72. 72. Sales: ~500 000 per year</li></ul>Economic Activity<br />Local OEMs<br />Vehicle Production<br />South Africa<br />
    73. 73. East London IDZ<br /><ul><li>Over 230 ha of prime industrial land fully serviced sites
    74. 74. Proximity to transport networks (2,5 km from EL Airport and 6km from EL’s river port , rail link to all major South African cities)
    75. 75. Direct access to export and domestic markets</li></li></ul><li>Further Industry Opportunities<br />Electric motor manufacturing<br />• Battery cell manufacturing<br />• Battery assembly and testing <br />• Power electronics at automotive prices (chargers, high power relays, high power fuses, HV connectors, HV cables)<br />• Electric compressor, peripheral components <br />• Battery handling equipment<br />• Automotive electronics (ECU’s, displays)<br />Charging infrastructure & equipment<br />Battery financing<br />EV testing & certification facilities for global OEM’s<br />Diana Blake, May 2011<br />33<br />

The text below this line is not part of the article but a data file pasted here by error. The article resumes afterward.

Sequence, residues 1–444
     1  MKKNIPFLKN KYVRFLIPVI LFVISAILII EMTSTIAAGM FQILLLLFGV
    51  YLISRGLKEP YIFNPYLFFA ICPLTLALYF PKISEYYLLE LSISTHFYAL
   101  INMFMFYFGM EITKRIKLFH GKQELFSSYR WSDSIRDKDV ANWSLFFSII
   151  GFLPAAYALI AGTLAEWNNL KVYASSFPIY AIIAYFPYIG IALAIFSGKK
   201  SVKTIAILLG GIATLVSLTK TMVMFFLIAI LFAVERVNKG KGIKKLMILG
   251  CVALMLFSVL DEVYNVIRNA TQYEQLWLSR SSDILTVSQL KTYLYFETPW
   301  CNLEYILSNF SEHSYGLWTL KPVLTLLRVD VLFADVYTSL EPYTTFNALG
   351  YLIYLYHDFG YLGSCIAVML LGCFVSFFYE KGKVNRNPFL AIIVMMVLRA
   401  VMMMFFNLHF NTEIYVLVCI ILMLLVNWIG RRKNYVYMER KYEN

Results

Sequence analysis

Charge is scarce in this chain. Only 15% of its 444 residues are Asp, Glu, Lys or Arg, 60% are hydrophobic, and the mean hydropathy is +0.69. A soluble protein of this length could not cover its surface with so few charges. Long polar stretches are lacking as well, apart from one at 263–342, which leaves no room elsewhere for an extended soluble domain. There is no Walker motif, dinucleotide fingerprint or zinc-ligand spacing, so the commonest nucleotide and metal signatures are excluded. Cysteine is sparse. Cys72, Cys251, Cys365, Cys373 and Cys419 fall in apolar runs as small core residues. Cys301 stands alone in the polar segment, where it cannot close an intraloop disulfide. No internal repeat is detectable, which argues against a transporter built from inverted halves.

76. 76. South African policy: IPAP2<br />12.4.7 Commercialise South Africa’s electric car<br />Nature of the intervention: Provision of appropriate support to encourage local manufacture of EV’s and related components, installation of infrastructure for such EVs, creation of testing facilities, provision of demand stimulation mechanisms and public education on the use and benefits of alternative energy source vehicles.<br />Economic rationale: Direct and positive spillover effects of developing a local electric vehicle coupled with the creation of the broader regulatory environment for such vehicles.<br />Outcomes: Creation of a legislative and regulatory environment to allow the operation of electric vehicles, relevant testing infrastructure for electric vehicles, local manufacturing for domestic and global markets, initiation of charging infrastructure and educational campaigns on electric vehicles.<br />Kobus Meiring, Diana Blake, 2011<br />34<br />12.4.7 Commercialise South Africa’s electric car<br />Nature of the intervention: Provision of appropriate support to encourage local manufacture of EV’s and related components, installation of infrastructure for such EVs, creation of testing facilities, provision of demand stimulation mechanisms and public education on the use and benefits of alternative energy source vehicles.<br />Economic rationale: Direct and positive spillover effects of developing a local electric vehicle coupled with the creation of the broader regulatory environment for such vehicles.<br />Outcomes: Creation of a legislative and regulatory environment to allow the operation of electric vehicles, relevant testing infrastructure for electric vehicles, local manufacturing for domestic and global markets, initiation of charging infrastructure and educational campaigns on electric vehicles.<br />Key Milestones<br />1. 2010/11 Q3 Approval of investment support measure for the manufacture of the electric vehicle and components.<br />2. 2010/11 Q3 Development of a Government position on the purchasing, demand stimulation, infrastructure for charging, testing facilities and public education regarding EVs<br />3. 2011/12 Q1 Roll-out of public education on EVs<br />4. 2011/12 Q2 Commissioning of the plant<br />5. 2011/12 Q3 Development of testing facilities for EVs<br />6. 2011/12 Q4 Commencement of plant construction<br />7. 2013/14 Q4 Start of production<br />Lead department: DTI<br />Supporting departments / agencies: DoT, DST, Provincial Governments and targeted Metros<br />Economic impact:<br />An estimated 160,000 direct jobs will be created in the industry in the next ten years. Investment levels exceeding R20 billion are expected to take place in the next four years with an expected further annual R3 billion for the following six years. Greater localisation of componentry will lead to an improvement in the trade balance.<br />